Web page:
26 July 2022
A National Rugby League club’s decision to include gay pride colours on its official jersey before consulting players was insensitive according to a Christian organisation.
The Centre for Public Christianity said the Manly Sea Eagles rugby club’s change to the jersey showed a lack of awareness of the complexities of its player’s lives.
Executive director Simon Smart said the club had handled the situation poorly even if it was initially done with good intention.
Mr Smart’s comments came shortly after Manly Sea Eagles coach Des Hasler held a press conference apologising about the incident saying the initiative had been a significant mistake.
Seven players are refusing to wear the gay pride jersey, citing a conflict with their religious and cultural beliefs.
They are also boycotting the National Rugby League’s next match.
The ensuing debacle has drawn comment even from Prime Minister Anthony Albanese who said it was good that sport was inclusive.
Mr Hasler told media that the rainbow colour application to the club’s traditional jersey was intended to reflect diversity and inclusion for all and support human rights for gender, race, culture, ability, LGBTA movements.
He apologised to those communities, the Australian Rugby League and to all the players for the club’s actions, but confirmed that the jersey would still be worn at the match.
Mr Smart said that if Manly had had a consultative process, perhaps there may have been a way forward that would have satisfied both groups.
He said given that in the past the rugby league had not been a welcoming environment for gay people, a consultative process might have been better viewed.
“It may have been seen as an attempt to make people, irrespective of sexuality, race or gender, feel more welcomed in the game,” Mr Smart said.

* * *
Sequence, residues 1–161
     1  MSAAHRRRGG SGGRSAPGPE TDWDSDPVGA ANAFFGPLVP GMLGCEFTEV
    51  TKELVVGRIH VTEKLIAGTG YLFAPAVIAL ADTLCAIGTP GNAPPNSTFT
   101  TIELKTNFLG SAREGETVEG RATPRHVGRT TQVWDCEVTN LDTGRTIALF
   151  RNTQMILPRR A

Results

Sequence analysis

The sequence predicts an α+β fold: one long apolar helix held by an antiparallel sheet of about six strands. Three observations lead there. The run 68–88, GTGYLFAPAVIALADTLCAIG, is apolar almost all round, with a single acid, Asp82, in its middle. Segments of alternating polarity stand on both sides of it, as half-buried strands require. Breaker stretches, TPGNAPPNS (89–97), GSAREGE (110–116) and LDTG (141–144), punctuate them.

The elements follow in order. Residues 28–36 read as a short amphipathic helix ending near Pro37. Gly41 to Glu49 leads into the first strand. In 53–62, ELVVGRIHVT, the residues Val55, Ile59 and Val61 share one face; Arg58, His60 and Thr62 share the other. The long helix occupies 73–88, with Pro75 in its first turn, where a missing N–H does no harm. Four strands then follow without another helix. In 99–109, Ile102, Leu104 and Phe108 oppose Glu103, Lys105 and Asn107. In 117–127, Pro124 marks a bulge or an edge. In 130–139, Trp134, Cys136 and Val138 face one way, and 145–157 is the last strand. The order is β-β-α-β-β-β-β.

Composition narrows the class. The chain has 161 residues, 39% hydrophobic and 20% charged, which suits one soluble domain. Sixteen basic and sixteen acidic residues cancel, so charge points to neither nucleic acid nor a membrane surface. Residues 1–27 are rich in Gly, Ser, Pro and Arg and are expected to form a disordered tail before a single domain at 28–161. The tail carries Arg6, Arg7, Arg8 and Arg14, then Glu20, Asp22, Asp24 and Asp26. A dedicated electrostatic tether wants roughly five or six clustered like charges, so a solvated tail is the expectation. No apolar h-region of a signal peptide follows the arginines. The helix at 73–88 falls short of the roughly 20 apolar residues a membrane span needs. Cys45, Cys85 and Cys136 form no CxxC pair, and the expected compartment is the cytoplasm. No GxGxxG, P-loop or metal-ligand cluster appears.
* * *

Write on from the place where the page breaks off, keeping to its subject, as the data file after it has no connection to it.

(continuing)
But it was a problem that some things were reduced to binary opposites and slogans because the situation was more nuanced than a case of players not wanting to wear a jumper, he said.
Rather, it was reflective of the fragmented culture we were in living in.
“We’re trying to inhabit different stories and then we’re quite atomised and clashing. This sort of thing ends up being a very simplistic test of ‘are you a good guy, or not’. That’s a bit problematic, and a textbook example of the challenge of living well in a pluralistic culture,” Mr Smart said.
The Pacific Islander background of the players who were boycotting also meant that they might hold more conservative cultural and religious views.
That raised difficult questions as to whether there was room for people to have those views, and as to whether or not they were welcome, he said.
“It’s an example of where we need to be able to find ways to exist well together, when we will have quite serious differences of worldviews, including of religious faith,” Mr Smart said.
He said the club’s gesture had put half of the team in a very difficult position, making the players look bad and making things difficult for them and their families, as well.
“But equally, there’ll be gay people who will feel really hurt by this as well. So, I wish the club had taken a bit more time to consult, and had maybe found a way to say they were welcoming of all people. But do that in such a way that it makes space for the complexity of views on this,” Mr Smart said.